When I was in Oxford, I had never heard reports of Jewish students afraid to publicly identify as Jewish, or wear a Yarmulke, although it has become common at some English universities today. There was also the utterly astonishing proposal to bar Israeli academics at Oxford University in February and, not to be outdone, senior Cambridge University professor Stephen Hawking joined the BDS movement this past May.
While Lord Jonathan Sacks was Chief Rabbi of England, he met each of these challenges to Israel's legitimacy with near silence. Worse, he invariably found himself in the company of some of Israel's worst critics, telling The Guardian in 2002 of the Israel Defense Forces: "There are things that happen on a daily basis which make me feel very uncomfortable as a Jew." He added that Israel's posture in the Middle East was "incompatible" with the deepest ideals of Judaism and was slowly becoming "corrupted."
I have a long-professed admiration for Rabbi Sacks' eloquence and unmatched articulation of Jewish ideas. But the wave of anti-Semitism that washed over the UK through the more than two decades of his Chief Rabbinate undermined his stature and significantly diminished him as a leader. It appears that even in retirement, where he can no longer cite the limitations of his office to speak freely, he has chosen to remain a neutral observer in the war to delegitimize Israel.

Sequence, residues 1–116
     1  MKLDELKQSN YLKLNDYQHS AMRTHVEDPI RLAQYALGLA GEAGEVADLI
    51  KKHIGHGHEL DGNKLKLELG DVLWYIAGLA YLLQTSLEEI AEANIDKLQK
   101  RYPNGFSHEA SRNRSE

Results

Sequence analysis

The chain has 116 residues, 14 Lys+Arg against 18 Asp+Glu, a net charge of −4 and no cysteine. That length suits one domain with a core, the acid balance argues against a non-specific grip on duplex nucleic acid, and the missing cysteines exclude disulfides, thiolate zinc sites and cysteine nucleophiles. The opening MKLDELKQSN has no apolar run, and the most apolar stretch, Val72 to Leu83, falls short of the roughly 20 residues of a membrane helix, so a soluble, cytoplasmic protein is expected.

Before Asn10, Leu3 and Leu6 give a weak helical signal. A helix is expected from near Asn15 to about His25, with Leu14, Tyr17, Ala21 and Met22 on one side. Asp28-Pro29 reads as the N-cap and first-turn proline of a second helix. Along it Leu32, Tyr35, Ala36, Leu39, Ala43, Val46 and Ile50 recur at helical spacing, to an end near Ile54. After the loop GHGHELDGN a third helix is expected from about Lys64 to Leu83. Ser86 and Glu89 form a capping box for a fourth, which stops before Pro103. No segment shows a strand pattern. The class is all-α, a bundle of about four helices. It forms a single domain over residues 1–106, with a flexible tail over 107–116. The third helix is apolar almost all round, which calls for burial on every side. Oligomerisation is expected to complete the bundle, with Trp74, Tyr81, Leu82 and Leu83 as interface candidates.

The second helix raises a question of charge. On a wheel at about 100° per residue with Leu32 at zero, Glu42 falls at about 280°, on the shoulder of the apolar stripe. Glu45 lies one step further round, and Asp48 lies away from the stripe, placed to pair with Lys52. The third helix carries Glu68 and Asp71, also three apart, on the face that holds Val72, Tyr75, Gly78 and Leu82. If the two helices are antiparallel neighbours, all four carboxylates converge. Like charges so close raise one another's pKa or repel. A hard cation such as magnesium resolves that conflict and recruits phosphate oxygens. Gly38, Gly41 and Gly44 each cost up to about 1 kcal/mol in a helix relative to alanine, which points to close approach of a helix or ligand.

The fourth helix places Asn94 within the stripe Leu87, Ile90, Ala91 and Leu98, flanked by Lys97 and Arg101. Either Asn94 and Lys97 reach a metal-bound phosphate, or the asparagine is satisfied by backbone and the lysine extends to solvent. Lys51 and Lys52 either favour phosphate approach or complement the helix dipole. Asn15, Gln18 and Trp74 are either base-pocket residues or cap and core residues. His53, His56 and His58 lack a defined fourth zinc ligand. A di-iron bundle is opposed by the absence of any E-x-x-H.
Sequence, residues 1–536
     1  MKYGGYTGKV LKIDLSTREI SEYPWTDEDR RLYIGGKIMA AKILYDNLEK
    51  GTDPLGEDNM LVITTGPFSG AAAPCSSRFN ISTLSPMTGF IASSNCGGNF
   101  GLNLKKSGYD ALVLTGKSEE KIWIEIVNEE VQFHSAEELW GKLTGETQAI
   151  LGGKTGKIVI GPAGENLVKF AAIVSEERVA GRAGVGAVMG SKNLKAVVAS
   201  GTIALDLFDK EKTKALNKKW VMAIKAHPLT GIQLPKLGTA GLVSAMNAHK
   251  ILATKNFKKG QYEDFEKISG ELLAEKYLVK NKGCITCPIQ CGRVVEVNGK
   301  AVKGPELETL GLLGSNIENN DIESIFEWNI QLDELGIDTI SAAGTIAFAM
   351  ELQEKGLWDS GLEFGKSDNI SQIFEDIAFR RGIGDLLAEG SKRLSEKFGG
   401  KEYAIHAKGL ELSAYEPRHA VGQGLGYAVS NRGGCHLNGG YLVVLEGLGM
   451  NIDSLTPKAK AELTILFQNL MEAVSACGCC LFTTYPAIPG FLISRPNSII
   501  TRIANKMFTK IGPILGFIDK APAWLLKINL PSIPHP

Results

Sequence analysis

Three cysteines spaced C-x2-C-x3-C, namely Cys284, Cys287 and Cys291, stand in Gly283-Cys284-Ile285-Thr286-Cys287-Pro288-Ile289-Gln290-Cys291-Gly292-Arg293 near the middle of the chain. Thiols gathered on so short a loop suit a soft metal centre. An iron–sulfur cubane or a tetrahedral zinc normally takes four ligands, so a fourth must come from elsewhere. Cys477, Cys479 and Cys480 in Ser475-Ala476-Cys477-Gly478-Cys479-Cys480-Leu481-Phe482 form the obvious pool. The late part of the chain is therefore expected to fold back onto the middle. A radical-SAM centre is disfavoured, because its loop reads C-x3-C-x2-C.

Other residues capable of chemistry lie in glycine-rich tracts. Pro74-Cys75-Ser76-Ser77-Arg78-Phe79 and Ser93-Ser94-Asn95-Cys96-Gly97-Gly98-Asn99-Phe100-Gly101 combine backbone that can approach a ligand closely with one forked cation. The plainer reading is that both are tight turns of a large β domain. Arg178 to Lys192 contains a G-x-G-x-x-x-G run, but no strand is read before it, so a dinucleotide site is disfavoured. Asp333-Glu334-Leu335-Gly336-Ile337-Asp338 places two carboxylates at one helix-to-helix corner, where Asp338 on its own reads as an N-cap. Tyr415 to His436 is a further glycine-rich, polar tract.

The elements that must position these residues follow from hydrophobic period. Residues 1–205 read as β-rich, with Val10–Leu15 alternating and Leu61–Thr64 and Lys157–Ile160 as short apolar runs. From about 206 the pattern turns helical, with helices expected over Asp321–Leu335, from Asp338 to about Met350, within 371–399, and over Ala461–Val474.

In Britain, hesitation often wins out over defense, with the fear that the mainstream can grow even more hostile if antagonized. Moreover, the absurd mentality of being a guest in someone else's country continues to prevail in some Jewish quarters. As in every other democracy in which Jews live, we are no better, nor less, than anyone else.
When I voiced these objections, Jonathan Arkush of the British Board of Deputies attacked me as being out of touch, claiming that he knows of not “a single British university” where Jewish students feel fear harassment or bias. Yet Rabbi Sacks himself contradicted him when he said in 2008: “We hope that university vice-chancellors will recognize the feeling of vulnerability that Jewish students have expressed at many university campuses.” (Jewish Chronicle)
Arkush praises former Chief Rabbi Sacks for having “spoken up for Israel fearlessly and eloquently.” Yet we in the United States were incredulous when Sacks, an alumnus of Cambridge, uttered not a word of protest to Hawking’s public attack on Israel.
Rabbi Sacks was similarly quiet when George Galloway walked out of a debate at Oxford this past February merely because his adversary was an Israeli citizen, even though Sacks is highly respected in Oxford as well.
The central quality of leadership is not eloquence, nor even scholarship, but the courage to stand up bravely for one’s convictions and inspire others to follow suit, even if one is hated and vilified for it.
In the global battle for its reputation and name, Israel deserves not silence but our courageous and indefatigable engagement.
Rabbi Shmuley Boteach, “America’s Rabbi,” whom Newsweek and The Washington Post call “the most famous rabbi in America,” is the founder of This World: The Values Network, and is the international best-selling author of 30 books. He will shortly publish Kosher Lust: Love is Not the Answer.” Follow him on Twitter @RabbiShmuley.